Each piece of dialogue feels authentic, from the manipulative language John uses, to the timidity of Lexi’s mother, depending on whom she is speaking to, and the dialogue of all the youth, which feels fresh, spikey and young. Where Downham excels is in the gaps between the words – the pauses and silences, the loud unspoken.

Beautifully observed, this is particularly established in how the novel captures the confusing metamorphosis as the fifteen year olds morph from innocence to sexual beings, both in how they view themselves, and also in how they are viewed. In a party scene, Downham captures the essence of this with deep understanding in its complexity – exploring the scents of the bar, nitrous oxide, the whiff of sexual power, particularly in that although sexual allure leaks from the girls, they often don’t understand it themselves. And therefore it’s even harder to avoid it being abused.

This is a masterfully written novel, as one would expect from Downham. The sort of YA that the industry should be aiming for – with depth and nuance, and still holding extraordinary pacing, as well as pulsing with energetic prose. There is an intense subtlety in the slow deterioration of Lexi’s sense of self, made even more compelling as the reader discovers that not even everything Lexi says can be trusted – she may be narrating the story, but she’s not entirely reliable.

There are some lovely periphery characters, especially well-meaning adults, who also feel conflicted and don’t have all the answers, from John’s ex-wife to Lexi’s mum’s friend.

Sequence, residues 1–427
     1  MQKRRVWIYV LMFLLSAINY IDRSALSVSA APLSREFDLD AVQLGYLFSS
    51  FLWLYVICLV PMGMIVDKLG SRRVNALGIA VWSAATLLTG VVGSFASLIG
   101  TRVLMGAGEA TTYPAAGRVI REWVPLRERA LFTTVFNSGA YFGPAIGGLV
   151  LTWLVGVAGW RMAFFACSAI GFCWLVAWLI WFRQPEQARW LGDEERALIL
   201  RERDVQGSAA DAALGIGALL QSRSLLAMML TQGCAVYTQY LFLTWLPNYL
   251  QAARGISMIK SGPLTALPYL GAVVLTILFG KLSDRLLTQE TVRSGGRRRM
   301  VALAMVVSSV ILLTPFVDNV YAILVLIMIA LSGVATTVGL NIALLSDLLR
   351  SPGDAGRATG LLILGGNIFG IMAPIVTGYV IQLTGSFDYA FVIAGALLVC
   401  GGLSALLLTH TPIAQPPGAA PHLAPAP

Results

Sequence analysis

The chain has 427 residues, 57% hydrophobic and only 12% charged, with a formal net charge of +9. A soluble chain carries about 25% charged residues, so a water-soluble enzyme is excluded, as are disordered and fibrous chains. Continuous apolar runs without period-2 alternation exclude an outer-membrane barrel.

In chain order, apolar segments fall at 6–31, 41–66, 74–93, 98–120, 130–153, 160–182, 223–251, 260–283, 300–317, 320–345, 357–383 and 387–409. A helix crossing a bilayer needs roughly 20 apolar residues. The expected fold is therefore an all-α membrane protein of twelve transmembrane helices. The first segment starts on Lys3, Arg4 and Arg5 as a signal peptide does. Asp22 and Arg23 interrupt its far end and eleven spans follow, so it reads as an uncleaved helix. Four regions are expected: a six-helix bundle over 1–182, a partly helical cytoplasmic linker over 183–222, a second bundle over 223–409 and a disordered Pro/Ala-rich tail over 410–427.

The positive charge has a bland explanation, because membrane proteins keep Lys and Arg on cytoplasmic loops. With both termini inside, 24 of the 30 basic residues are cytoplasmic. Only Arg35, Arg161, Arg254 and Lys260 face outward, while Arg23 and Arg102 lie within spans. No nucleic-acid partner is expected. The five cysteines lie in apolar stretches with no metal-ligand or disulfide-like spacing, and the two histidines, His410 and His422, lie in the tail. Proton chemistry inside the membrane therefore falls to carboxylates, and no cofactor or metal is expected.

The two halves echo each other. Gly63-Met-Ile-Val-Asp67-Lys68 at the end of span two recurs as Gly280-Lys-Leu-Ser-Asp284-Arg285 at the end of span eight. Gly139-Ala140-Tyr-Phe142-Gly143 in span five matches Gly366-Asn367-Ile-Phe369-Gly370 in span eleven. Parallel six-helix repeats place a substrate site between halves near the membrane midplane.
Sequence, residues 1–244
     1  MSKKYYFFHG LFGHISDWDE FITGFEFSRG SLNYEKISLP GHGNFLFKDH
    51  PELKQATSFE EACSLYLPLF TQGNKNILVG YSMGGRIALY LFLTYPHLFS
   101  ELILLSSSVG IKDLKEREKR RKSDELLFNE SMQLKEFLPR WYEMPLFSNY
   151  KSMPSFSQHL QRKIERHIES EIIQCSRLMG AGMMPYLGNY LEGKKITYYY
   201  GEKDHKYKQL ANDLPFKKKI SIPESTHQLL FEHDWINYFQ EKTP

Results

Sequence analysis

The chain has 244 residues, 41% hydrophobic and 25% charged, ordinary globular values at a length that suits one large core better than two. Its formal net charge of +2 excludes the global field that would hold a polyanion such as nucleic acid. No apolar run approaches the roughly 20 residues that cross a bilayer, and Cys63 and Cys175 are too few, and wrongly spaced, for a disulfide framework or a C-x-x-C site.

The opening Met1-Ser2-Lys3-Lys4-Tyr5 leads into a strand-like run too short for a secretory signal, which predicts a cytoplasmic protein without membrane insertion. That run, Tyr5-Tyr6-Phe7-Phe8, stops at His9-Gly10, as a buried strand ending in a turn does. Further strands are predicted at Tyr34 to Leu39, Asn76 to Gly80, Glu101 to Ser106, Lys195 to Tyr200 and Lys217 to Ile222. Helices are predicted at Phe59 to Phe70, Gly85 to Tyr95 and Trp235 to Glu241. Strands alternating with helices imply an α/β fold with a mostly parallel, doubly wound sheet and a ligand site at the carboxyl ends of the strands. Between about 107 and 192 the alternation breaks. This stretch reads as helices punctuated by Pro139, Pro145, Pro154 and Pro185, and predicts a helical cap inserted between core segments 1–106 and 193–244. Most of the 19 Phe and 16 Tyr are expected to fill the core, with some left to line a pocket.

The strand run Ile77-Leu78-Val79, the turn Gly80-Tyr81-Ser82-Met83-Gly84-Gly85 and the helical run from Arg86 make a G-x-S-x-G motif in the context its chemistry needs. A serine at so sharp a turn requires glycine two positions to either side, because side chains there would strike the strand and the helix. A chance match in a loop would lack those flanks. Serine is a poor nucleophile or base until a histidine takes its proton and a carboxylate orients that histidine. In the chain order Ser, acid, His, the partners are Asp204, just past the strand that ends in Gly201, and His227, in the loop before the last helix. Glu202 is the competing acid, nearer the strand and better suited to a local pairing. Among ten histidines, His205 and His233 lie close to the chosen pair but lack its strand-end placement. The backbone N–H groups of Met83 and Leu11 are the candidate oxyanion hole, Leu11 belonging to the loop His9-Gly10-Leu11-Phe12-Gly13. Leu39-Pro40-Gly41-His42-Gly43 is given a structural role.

In the end, Lexi uses her anger as a force for good, and sees what’s really important in a family dynamic – as does the reader.

At times this is an uncomfortable read. Lexi makes bad decisions time and time again, and the people around her don’t help. But by the end, there is immense growth and understanding. For those who want more nuanced YA, and a better grasp of what constitutes a healthy relationship, this is an excellent and dynamic read.

With thanks to David Fickling Books for the early review copy. You can buy it here.

Beyond Platform 13: Through the Gump

beyond platform 13Three years before JK Rowling published her first book, making a tourist attraction of Platform 9 and 3/4 at Kings Cross Station, Eva Ibbotson published The Secret of Platform 13, an adventure about a magical island populated with wizards, ogres, hags and fairies, access to which is through the ‘gump’ – a portal under platform 13 at King’s Cross Station that only opens once every nine years. Although it has been 25 years since the original, Sibéal Pounder has re-opened the gump with her sequel, Beyond Platform 13, illustrated by Beatriz Castro.

There’s risk in this, of course. Writing a sequel to a late author’s original book, which was shortlisted for the then Smarties prize, is an adventure of its own, but Pounder pulls off the sequel with aplomb, not only staying true to the original characters, but creating her own stand-alone read.